With just weeks to go before the mayoral election it’s touch and go who will win. Livingstone, a larger than life character, has always appealed to those with no party allegiance to bolster his vote. But his formidable Conservative opponent Boris Johnson can also lay claim to cross party allegiance.

The bookies believe Johnson will scrape home by a few percentage points. If so it will be with the support of a majority of London’s Jews. In doing so they will have contributed to turning the indestructible Livingstone into a two time loser. With his power base broken a chance may well emerge for Labour and some of its erstwhile most loyal supporters to kiss and make up. The warm embrace though of some top Conservatives may have already made this chance of a reconciliation impossible in this generation.


About the Author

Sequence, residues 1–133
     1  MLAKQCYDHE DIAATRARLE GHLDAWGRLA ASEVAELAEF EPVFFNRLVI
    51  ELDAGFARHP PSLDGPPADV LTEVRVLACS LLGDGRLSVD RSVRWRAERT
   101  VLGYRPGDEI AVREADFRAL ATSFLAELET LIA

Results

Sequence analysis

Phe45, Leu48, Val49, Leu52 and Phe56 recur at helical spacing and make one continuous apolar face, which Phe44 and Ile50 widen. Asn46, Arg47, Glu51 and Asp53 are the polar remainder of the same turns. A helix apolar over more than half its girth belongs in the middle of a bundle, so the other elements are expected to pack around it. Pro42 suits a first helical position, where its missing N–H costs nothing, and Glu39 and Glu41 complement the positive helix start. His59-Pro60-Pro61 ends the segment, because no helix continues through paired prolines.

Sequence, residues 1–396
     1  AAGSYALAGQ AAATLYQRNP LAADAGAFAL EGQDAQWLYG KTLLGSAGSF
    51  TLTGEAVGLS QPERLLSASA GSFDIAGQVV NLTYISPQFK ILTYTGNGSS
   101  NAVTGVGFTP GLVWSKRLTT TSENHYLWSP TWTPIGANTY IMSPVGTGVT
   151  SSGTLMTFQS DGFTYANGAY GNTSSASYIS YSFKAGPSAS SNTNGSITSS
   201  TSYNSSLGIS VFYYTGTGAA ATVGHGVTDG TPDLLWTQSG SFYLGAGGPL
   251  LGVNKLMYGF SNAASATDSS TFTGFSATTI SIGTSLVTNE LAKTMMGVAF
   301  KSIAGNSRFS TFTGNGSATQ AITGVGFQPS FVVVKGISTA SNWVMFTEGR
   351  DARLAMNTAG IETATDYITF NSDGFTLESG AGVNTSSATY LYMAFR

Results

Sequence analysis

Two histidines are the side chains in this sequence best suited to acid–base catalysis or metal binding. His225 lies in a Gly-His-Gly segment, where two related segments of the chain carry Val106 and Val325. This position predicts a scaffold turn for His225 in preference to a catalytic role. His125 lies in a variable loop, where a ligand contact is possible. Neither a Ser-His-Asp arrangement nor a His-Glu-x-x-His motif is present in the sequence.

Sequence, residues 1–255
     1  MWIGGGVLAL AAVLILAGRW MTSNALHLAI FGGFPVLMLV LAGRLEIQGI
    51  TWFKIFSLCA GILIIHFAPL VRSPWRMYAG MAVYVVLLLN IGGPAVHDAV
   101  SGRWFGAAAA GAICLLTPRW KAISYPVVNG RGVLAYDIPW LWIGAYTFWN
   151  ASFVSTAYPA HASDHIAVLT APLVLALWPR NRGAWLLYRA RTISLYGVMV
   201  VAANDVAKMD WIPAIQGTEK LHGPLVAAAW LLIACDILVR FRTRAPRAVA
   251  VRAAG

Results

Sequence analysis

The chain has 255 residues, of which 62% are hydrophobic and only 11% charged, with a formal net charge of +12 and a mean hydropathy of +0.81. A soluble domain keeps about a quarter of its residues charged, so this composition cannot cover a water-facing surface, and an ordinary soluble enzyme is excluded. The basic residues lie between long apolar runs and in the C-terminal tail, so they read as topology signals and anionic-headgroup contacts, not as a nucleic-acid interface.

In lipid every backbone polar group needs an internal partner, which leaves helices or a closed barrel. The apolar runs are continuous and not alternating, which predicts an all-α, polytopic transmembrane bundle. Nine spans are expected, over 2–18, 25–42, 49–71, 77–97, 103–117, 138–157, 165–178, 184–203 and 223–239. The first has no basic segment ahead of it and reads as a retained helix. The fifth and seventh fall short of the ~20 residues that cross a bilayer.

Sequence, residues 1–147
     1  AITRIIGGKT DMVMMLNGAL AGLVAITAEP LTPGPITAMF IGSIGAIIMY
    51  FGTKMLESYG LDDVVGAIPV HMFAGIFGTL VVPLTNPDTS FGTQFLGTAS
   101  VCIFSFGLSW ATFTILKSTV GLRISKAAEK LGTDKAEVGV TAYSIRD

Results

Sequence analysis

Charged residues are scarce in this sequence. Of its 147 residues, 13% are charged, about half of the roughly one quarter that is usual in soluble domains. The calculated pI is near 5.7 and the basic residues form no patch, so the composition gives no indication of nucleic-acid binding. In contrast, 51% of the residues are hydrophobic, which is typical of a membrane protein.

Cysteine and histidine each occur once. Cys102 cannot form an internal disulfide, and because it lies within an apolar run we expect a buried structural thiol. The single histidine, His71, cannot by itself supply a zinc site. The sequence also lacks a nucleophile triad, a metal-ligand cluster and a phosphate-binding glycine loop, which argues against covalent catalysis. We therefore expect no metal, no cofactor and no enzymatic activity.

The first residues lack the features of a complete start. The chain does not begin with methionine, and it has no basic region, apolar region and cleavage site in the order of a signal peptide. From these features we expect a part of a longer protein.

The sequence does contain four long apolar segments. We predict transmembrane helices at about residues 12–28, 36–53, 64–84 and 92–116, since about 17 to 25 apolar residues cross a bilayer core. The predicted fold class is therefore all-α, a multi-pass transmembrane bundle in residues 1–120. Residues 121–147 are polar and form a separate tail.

Adrian Needlestone quit sixth form at 17 to follow his dream to become a journalist. So desperate was he that he accepted a wage of £6 a week for six days work as an office boy at what was then London largest independent news agency, The Fleet Street News Agency. After making tea and buying sandwiches for six months he was given the opportunity to cut his working week down by one day and cover the East London Crown courts in those days known as Quarter sessions Courts. The bread and butter work was the local paper contracts the agency held with the occasional national story being cream on the top. During 18 months covering the courts stories in the nationals became the norm rather than the exception and he was quickly switched back to the main office in Clerkenwell to work with the news team. At the age of 21 came his first big break when Murdoch took over the Sun newspaper and promptly hired the agency’s news editor and most of the senior staff. In a leap of faith the agency head promoted him to news editor but confided many years later that it was the “cheap” option which if he sank that was life and if he swam so much the better. Seven years later after working regular evenings on the Mirror and the Mail he joined the Evening standard on the news picture desk. From there he moved on to the National Enquirer in America, the News of the World, BBC national radio and ran the news section of the Derek Jameson TV magazine programme on Sky. After 25 years in the business he decided to slow down and turn his hand to business but he never enjoyed the success in that world to match his career in Fleet street. Semi retired he has now taken to the internet and is writing a blog as well as simultaneously trying to write three books, one about his time on the News of the World which he hopes to launch through Kindle in about six weeks.